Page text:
Can you imagine life without clean water to drink? For millions of people it's a daily reality.


Every person needs a sustainable supply of clean water: for drinking, washing, cooking and cleaning. It’s a basic human right.

However, to date governments, institutions, service providers and donors around the world haven’t done enough to ensure clean water reaches the poorest and most marginalised people.

In many countries, taps, wells and pipes delivering clean water simply don’t exist. Even where they do, water supply services are often not affordable or accessible, or aren’t designed to last.


What would life be like without a toilet? Billions of people know only too well.


A decent toilet is something everyone should take for granted – at home, school, work and in public places. It’s a basic human right that protects people from dangerous diseases and provides dignity.

Governments have neglected sanitation for too long, resulting in a severe lack of finance, skills, resources and systems to ensure everyone has access to a decent toilet.


Many people are unaware that good hygiene is a lifesaver.


Something as simple as handwashing with soap reduces cases of diarrhoea. Good hygiene maximises the benefits of clean water and decent toilets, keeping people healthy for generations to come.

Yet, hygiene promotion schemes, where they exist, often fail to change entrenched practices such as going to the toilet in open areas around the community. They also often don’t address cultural taboos such as menstrual health and hygiene training for young women. And even when people have the knowledge to make positive changes, they often lack soap or access to washing facilities.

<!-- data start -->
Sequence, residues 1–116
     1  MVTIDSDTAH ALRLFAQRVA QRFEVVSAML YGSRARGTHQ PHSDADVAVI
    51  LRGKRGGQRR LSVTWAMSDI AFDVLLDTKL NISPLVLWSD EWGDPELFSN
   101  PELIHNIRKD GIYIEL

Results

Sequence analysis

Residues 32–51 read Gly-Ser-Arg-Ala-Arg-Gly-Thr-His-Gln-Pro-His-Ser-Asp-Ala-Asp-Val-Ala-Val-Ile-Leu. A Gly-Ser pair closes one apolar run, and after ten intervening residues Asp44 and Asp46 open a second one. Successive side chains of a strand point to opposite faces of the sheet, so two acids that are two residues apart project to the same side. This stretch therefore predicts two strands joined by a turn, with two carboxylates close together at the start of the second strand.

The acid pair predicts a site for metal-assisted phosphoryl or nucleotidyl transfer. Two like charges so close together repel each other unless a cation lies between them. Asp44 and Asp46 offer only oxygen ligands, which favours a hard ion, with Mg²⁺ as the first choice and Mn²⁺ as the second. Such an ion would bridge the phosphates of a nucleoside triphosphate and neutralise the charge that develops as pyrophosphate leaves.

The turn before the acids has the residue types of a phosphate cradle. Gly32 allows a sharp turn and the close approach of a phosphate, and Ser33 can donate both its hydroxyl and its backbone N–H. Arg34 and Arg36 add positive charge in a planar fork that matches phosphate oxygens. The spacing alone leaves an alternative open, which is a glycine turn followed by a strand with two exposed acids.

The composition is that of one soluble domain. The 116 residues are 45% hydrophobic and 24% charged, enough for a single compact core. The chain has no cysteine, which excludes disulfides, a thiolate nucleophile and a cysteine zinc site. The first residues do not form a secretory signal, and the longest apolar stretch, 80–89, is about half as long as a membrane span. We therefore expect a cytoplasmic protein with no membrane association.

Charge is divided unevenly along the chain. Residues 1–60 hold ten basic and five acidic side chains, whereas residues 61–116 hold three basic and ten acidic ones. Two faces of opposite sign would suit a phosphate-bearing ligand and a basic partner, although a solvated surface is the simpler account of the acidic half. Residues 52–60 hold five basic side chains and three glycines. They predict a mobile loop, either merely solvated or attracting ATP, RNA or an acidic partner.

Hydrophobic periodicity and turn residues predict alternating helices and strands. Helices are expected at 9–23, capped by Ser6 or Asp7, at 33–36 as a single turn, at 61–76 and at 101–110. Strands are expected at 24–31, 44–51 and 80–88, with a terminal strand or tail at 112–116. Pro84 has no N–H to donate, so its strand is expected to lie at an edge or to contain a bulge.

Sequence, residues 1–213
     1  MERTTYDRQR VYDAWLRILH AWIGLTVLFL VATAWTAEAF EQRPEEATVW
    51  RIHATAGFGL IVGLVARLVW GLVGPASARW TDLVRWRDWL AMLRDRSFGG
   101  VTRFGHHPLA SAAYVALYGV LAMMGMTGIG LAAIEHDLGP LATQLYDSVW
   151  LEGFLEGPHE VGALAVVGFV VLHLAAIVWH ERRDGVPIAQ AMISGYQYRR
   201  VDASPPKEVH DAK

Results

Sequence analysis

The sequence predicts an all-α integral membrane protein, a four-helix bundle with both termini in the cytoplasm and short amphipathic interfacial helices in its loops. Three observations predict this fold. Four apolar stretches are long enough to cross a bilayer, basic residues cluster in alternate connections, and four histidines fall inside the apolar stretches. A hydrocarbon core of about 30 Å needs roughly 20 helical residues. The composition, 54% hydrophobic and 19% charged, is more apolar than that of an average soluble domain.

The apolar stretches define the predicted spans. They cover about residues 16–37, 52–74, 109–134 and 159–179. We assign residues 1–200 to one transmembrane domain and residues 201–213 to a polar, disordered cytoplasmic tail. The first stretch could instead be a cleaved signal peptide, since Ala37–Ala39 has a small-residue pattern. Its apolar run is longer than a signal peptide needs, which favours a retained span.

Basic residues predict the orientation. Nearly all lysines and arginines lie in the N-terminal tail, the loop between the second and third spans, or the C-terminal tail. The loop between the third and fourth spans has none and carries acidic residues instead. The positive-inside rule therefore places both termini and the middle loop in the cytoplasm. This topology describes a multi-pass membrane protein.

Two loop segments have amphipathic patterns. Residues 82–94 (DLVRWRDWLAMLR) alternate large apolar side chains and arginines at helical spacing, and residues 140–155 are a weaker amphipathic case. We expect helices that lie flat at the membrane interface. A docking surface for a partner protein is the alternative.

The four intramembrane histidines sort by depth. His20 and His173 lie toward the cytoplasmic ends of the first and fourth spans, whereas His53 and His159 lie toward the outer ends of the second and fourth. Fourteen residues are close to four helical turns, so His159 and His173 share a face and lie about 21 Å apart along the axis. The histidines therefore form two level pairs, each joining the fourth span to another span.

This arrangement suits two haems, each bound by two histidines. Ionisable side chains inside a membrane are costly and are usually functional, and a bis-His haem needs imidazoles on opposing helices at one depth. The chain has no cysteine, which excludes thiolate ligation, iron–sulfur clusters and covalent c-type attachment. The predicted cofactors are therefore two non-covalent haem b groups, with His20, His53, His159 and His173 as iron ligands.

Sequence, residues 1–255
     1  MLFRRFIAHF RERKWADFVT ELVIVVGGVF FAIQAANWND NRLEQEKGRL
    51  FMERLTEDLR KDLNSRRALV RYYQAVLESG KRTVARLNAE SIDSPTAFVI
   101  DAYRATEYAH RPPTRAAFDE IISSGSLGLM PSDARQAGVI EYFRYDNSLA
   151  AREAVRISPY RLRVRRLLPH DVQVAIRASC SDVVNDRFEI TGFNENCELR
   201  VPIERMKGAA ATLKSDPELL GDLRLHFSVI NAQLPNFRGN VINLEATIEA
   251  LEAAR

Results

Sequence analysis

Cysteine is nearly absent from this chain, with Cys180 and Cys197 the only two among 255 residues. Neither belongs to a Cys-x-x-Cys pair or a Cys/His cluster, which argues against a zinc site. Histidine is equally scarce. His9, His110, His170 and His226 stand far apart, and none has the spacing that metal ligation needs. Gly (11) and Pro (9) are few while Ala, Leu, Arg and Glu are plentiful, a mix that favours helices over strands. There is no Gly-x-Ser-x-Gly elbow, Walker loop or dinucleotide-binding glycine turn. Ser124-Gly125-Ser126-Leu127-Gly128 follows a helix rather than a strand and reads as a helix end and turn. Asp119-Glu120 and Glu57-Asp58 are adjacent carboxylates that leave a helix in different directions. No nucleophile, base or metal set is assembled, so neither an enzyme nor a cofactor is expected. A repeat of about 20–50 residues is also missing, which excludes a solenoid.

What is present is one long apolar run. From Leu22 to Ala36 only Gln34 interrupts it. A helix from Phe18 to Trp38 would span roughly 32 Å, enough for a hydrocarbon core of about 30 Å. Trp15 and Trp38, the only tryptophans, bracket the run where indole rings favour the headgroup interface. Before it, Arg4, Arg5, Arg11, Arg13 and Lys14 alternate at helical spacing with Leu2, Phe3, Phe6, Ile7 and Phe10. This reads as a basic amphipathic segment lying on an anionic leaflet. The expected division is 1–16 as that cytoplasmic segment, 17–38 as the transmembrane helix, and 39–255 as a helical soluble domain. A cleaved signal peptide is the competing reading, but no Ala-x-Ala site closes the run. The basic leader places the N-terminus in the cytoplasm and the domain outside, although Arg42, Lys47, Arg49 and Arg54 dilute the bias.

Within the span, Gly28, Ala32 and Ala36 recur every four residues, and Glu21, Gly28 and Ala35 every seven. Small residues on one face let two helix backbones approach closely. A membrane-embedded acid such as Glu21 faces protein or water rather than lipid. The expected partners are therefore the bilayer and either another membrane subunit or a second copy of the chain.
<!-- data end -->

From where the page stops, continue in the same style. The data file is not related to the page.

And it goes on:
The issues


When people have access to clean water, a decent toilet and can practice good hygiene they’re less likely to get ill.

We’re working hard to ensure that the health sector is investing more money in clean water, decent toilets and good hygiene, and including these essential services in their plans.

Read more about the health benefits of our work.

Gender equality

Girls often begin collecting water as children and continue to collect and carry water throughout their lives. Women’s needs for safety and privacy are often ignored in the design of services, making it difficult for them to live a life of dignity, to address their needs, and placing them at risk of assault and harassment.

We’re working to achieve gender equality, ensuring women and girls are involved in the planning, roll-out and ongoing management of services.

Read more about how we’re addressing the challenges women and girls face every day.

Social exclusion

Water, hygiene and sanitation services often don't serve the needs of the least powerful. People with a disability, and older people, are excluded from water points and toilets if they can't easily access them.

We seek to tackle exclusion and marginalisation wherever it occurs.

Read more about how our work can improve social inclusion.

Building services that last

Selecting the right technology is critical. But there also needs to be a strong system in place to turn policies into action, attract finance, and maintain services. Otherwise there’s a risk that the benefits of clean water and decent toilets stop flowing.

We’re focused on ensuring that water and sanitation services continue to work over time.

Read more about how we ensure our work is sustainable.